PARIS (Reuters) -Valerie Pecresse, who has described herself as “one-third Thatcher, two-thirds Merkel”, has won the French conservative Les Republicains (LR) ticket for the 2022 presidential election and will now aim to thwart Emmanuel Macron’s re-election bid.
Opinion polls have so far shown the 54-year-old head of the Paris Ile-de-France region winning about 11% of the votes at best in next April’s election, giving her little chance of making it to a second-round runoff, let alone winning it.
With nearly 61% of the votes in a runoff, Pecresse beat right-winger Eric Ciotti for the LR ticket, the party said after a primary that was a test of whether it would remain anchored in its centre-right tradition or lurch to the right.
“We are going to restore France’s pride and protect the French,” Pecresse said at the party’s headquarters shortly after the results were announced.
Pecresse can potentially appeal to the centre-right voters Macron very much depends on, but will have to seek support from more conservative voters also courted by right-wing candidates.
The unexpected candidacy of hard-right commentator Eric Zemmour has overturned the conventional wisdom that the presidential election will be a rerun of the 2017 duel between Macron and the far-right National Rally’s Marine Le Pen.
Though more moderate than Ciotti, Pecresse and her rivals for the LR ticket all drifted further to the right on immigration and on law and order.
She campaigned on promises to halve the number of residence permits for non-EU migrants, stiffen judicial sentences in tough neighbourhoods where police are under pressure, and ban women accompanying their children on school trips from wearing a Muslim headscarf.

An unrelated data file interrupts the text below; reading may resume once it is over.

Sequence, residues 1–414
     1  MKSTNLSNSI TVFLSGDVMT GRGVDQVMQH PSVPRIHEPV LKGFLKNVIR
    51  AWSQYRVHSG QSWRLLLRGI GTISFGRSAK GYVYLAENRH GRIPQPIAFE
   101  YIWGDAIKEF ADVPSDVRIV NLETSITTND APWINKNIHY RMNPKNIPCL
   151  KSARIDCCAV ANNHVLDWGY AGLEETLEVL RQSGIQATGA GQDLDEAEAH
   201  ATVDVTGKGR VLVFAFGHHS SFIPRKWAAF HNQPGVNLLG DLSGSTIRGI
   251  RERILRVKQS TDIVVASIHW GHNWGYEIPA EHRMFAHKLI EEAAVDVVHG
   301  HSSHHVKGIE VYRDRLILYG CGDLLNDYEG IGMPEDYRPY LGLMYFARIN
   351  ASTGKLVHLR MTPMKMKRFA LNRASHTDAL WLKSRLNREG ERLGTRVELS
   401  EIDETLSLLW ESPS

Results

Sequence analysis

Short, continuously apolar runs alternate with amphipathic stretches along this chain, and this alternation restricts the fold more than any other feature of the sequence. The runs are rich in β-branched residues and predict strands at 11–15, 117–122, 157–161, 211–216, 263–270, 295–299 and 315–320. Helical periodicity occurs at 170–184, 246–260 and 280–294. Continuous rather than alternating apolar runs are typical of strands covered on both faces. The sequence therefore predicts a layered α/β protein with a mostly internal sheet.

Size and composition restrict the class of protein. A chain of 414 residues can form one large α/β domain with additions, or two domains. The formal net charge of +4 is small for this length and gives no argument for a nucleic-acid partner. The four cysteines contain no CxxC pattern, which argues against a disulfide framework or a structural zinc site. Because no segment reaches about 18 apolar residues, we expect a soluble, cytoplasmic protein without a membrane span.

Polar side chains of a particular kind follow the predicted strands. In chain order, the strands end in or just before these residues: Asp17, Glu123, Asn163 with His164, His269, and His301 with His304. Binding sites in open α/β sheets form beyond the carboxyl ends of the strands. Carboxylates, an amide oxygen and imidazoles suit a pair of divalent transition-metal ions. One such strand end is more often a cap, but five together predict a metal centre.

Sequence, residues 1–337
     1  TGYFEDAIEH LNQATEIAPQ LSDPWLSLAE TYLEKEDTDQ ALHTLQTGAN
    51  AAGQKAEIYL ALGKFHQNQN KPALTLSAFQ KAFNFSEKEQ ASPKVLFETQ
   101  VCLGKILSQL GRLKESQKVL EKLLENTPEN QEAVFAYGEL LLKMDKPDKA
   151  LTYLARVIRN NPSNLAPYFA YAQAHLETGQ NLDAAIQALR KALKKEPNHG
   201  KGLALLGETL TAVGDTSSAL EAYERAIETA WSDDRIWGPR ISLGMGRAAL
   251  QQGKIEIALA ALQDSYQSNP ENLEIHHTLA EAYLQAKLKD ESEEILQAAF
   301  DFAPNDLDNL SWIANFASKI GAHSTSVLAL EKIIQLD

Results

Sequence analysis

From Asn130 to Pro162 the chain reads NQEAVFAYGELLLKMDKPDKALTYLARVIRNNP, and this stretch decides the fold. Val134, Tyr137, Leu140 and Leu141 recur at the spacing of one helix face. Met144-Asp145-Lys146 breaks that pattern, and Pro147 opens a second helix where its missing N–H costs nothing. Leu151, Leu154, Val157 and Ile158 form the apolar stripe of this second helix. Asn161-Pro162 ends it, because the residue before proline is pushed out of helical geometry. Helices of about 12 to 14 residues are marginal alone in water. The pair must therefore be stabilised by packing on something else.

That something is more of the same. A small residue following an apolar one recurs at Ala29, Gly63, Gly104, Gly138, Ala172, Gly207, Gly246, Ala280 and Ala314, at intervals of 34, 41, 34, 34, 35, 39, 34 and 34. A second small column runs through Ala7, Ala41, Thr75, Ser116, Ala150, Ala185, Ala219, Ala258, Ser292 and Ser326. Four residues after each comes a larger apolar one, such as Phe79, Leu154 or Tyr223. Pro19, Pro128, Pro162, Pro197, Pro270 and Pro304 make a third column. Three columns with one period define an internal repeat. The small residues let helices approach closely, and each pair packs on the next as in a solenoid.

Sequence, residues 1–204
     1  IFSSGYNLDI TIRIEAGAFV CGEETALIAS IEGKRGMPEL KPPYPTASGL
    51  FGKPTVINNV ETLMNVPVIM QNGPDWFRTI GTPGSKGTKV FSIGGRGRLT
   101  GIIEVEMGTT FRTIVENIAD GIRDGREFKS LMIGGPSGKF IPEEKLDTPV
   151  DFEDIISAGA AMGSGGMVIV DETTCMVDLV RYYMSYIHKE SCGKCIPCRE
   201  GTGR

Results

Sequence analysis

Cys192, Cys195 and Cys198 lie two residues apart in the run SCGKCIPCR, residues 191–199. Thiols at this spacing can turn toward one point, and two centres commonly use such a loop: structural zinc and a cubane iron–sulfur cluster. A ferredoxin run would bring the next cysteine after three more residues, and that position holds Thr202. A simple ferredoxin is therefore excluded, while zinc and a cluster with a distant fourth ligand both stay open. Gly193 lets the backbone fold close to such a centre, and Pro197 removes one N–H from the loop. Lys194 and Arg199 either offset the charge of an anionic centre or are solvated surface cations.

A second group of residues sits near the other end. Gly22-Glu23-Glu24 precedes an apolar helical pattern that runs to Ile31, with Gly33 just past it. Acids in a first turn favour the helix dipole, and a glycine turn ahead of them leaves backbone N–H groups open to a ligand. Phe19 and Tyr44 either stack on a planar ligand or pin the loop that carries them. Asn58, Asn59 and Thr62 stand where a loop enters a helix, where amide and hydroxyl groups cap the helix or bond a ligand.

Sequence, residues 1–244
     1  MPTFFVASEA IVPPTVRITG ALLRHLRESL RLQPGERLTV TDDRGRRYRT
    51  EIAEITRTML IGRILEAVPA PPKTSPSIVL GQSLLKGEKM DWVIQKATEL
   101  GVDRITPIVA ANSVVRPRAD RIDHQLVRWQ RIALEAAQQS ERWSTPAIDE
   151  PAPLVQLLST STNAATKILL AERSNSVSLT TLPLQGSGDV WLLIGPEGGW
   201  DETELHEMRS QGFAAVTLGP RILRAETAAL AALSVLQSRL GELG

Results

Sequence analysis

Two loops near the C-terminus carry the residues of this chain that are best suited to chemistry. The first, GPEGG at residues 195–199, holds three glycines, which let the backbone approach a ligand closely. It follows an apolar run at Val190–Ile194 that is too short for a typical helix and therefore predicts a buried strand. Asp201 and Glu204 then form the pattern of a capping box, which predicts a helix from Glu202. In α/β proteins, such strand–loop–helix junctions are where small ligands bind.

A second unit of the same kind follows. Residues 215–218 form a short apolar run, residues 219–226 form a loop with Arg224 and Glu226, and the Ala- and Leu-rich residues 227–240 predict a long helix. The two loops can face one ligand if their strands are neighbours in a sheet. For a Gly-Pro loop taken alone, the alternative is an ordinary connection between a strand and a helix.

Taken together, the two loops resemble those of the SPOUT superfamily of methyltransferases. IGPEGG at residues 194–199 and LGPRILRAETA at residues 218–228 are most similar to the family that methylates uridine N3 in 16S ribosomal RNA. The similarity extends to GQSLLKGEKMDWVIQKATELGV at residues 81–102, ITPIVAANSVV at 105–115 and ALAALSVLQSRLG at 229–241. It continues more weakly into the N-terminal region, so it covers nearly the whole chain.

“I feel the anger of people who feel impotent in the face of violence and the rise of Islamist separatism, who feel their values and lifestyle are threatened by uncontrolled immigration,” she said.
The former budget minister and government spokesperson under Nicolas Sarkozy will struggle to differentiate herself from Macron’s pro-business, low-tax stance on the economic front.
She has said she would end the 35-hour work-week, raise the retirement age to 65, cut 200,000 public sector jobs and build more nuclear reactors.
While the centre-right has ruled France for much of its post-war history, it has struggled in recent years, losing voters both to Macron, who has occupied much of its territory, and to the far right.
Opinion polls have so far consistently indicated that Macron, who has not yet official declared his candidacy, will win a second mandate. France has never had a woman president.
(Reporting by Leigh Thomas and Sophie Louet; Writing by Ingrid Melander; Editing by David Clarke and Kevin Liffey)